All work and no play…Wait, we MUST play!

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“It’s Friday, I’m in love”
-The Cure, “Friday I’m in Love”

If you work M-F, you LOVE Fridays. I know I do. Why do we love them so much? According to Tali Sharot, PhD, it is the anticipation of the weekend that makes it our favorite day of the week (as heard live at my conference last week). We worked hard all week and know just the thought of 2 days of ALL FUN gets us giddy. But what if we had fun during the week? At work? And what if it actually had a benefit? Well maybe it does…
I came across an article titled “The Business Case for Adult Recess” ( and of course I had to read it, because adult recess is something I would totally be in favor of. What it basically says is that play can be a conduit to creativity: “Most complex problems adults face in life as well as work require creative solutions, even if we don’t see them that way. Not only can play help jumpstart that creative problem-solving process, it can shake us out of the cognitive habits that are holding back our performance at so many other levels.” I don’t know how many of the five items the author lists to get play in your life will happen at work, but how great would it be if they did?
Download Tetris to your phone. Each time you feel the impulse to check your social media feeds, go play a five-minute game of Tetris instead. Why? Not only is it fun, but playing games can help you maintain focus and lengthen an attention span that your Twitter feed is out to relentlessly shorten.
According to Jane McGonigal, Ph.D. and author of
SuperBetter: A Revolutionary Approach to Getting Stronger, Happier, Braver and More Resilient — Powered by the Science of Games, getting a firmer control on your powers of attention is a crucial first step to improving your productivity. “Playing games is not a waste of time,” she writes. “It is a skillful, purposeful activity that gives you direct control over your thoughts.”
Adult coloring books have stormed the market this year — and for good reason. Picking up some crayons, markers, or colored pencils is a tamer way to unlock your play impulse. And like playing certain games, it can also help you refocus your attention.
As Brown [Stuart Brown, founder of the National Institute for Play] explains, play is a state of mind, not a specific activity. As long as it’s absorbing, essentially purposeless, and lets you enjoyably suspend your self-consciousness and sense of time, it counts. Go pick up a coloring book, turn off all your push notifications, and color one picture. After all, when was the last time you did that? It will take less than five minutes to complete, and chances are you’ll feel a little restored and relaxed when you go back to your tasks. Not to mention you’ll now have some art to put up on the fridge.
Yes, you read that correctly. It turns out science has finally vindicated what just about every romantic comedy of the past several decades has understood about the cathartic power of dancing alone. Crank up your favorite song and just dance it out. The point isn’t to showcase your Beyoncé-level talents or shame your lack thereof — it’s just to let yourself be uninhibited without fearing anyone else’s judgment.
When you dance alone, simply for the sake of play, your body will take the lead over your mind. As Brown explains it, play is one of the most basic evolutionary impulses, and physical movement can be a powerful mechanism to recall it. So get up and dance. You’ll not only feel better, you’ll be doing your brain a favor as well.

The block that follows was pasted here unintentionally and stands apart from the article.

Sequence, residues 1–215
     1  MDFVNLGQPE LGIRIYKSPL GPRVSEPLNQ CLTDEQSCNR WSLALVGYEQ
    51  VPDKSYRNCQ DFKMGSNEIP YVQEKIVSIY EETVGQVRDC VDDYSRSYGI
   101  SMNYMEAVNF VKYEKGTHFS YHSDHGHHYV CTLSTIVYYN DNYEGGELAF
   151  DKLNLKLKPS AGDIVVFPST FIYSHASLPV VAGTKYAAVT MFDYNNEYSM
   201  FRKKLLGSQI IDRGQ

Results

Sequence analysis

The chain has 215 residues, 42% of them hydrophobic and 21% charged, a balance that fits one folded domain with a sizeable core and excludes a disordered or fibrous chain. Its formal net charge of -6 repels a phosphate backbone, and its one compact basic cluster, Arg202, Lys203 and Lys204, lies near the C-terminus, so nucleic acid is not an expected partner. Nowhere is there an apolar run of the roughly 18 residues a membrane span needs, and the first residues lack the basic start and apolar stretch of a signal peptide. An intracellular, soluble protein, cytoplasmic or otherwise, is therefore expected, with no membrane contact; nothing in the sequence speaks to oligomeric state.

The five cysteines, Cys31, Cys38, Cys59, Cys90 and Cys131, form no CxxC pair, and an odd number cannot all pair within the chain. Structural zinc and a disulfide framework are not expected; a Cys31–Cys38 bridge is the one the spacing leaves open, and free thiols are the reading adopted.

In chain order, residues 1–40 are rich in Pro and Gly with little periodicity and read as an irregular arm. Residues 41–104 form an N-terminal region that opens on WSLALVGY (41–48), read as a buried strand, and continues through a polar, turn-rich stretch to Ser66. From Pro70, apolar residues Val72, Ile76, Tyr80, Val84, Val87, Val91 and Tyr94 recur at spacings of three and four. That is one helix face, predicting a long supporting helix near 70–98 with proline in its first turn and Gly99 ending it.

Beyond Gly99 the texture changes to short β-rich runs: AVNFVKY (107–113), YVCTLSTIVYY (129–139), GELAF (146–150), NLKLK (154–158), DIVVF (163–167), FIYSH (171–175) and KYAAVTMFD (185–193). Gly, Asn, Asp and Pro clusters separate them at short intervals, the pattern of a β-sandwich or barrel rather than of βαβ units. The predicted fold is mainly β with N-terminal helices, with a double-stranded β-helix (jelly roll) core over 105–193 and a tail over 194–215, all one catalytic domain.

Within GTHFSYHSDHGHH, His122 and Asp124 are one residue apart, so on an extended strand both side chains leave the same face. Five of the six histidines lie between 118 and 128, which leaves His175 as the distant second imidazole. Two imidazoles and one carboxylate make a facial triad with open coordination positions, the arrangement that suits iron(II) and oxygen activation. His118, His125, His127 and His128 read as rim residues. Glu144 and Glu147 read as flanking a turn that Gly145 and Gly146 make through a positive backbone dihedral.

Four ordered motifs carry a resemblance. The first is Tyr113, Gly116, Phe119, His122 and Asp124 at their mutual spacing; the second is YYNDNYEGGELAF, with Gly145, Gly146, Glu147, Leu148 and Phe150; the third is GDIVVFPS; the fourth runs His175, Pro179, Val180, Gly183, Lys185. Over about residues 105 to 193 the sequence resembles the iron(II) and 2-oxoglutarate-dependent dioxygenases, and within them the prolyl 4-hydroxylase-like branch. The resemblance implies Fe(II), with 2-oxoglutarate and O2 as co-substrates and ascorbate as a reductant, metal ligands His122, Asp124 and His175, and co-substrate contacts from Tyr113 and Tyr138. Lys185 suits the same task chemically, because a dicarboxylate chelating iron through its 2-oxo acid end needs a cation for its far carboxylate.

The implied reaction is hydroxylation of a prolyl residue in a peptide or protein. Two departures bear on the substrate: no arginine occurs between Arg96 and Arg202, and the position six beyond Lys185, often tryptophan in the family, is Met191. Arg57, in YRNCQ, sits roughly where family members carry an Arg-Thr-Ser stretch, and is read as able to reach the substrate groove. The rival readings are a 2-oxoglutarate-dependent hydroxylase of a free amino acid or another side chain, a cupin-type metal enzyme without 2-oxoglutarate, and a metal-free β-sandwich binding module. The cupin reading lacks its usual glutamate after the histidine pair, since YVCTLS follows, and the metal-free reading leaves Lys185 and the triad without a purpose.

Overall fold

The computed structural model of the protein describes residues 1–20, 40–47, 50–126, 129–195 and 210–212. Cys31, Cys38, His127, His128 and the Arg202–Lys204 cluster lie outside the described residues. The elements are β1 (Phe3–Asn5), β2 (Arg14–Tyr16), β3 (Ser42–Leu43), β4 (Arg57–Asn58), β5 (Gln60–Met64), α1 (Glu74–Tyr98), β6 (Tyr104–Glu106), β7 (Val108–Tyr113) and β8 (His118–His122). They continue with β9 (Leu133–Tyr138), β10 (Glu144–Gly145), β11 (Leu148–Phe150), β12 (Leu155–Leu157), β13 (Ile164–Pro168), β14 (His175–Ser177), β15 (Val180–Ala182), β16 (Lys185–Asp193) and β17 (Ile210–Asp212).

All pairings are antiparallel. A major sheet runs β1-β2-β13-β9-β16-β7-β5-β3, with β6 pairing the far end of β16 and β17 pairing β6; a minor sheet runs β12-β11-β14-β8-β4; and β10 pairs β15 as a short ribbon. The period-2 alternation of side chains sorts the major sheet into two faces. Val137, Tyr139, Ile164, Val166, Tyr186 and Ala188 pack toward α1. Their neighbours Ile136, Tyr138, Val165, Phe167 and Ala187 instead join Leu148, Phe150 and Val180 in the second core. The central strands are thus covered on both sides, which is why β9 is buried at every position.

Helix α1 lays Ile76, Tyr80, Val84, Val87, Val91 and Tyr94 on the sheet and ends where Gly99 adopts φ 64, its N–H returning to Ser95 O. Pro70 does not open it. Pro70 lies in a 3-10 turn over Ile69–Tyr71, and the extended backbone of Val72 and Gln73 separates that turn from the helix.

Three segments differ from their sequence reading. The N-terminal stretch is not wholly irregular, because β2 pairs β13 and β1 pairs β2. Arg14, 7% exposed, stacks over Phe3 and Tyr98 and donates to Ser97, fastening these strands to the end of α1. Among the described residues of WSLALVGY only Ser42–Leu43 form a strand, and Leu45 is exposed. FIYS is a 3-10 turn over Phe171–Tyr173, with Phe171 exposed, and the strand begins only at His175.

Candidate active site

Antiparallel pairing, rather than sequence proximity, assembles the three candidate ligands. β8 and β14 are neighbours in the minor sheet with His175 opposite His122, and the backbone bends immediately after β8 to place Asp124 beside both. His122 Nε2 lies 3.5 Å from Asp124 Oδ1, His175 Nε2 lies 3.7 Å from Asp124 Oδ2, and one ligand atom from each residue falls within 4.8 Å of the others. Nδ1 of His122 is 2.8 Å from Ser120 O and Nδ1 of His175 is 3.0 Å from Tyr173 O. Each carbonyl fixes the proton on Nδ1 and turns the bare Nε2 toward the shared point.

Same principle, different activity. Turn on the water, pick the first song that comes to mind, and start singing as loudly as you can. It sounds silly, and it should — that’s the point. Singing in the shower is a purposeless activity that provides enjoyment, a suspension of self-consciousness, and time. If you’re stuck in traffic, it works almost as well.
Here’s the thing: As adults, one of the biggest roadblocks to being playful is that we worry that we’ll look undignified, irresponsible, or immature. But you can’t be open to spontaneity if you aren’t comfortable with testing new ways of expressing yourself–even the most unserious of them. And when you foreclose that possibility, you miss out on a whole host of cognitive benefits children access multiple times each day.
Watching Game of Thrones is entertaining, but it’s a passive experience. To be sure, sometimes those are good, but they won’t re-energize you in quite the same way as a play-based activity can. Invite some friends over for charades (just like your parents’ generation used to do, before they invented HBO), or just play “Go Fish” with your 5-year-old. Whatever it is, you want to find yourself absorbed in the game. In fact, it only has to last five or 10 minutes in order to stimulate your brain.

So I am not much of a Tetris player, but I have either done or will do the other 4. I have been considering getting some adult coloring books for a while, as I love to paint but I either need to drag all my stuff out at home or attend a class. If I could just whip out a book and some crayons I would be all set. Solo dance party? Check. But I plan to make it happen more often. Sing in the shower? Occasionally. I will seek inspiration from my husband who ALWAYS sings in the shower. Ironically, the last few times my husband and I visited a tap room, we either played Uno or Trivial Pursuit. I did download a game called “Heads Up!” that is pretty fun too.
Imagine at your next run of the mill work meeting the organizer hands out crayons and pictures to color, or busts out the Bluetooth speaker and shakes some booty? Now that is a meeting I could get in to! And what if it had the effect of stimulating our creative minds and coming up with unique solutions to problems? Invaluable. Unfortunately I don’t go to many meetings, but if I do, I am bringing my crayons.

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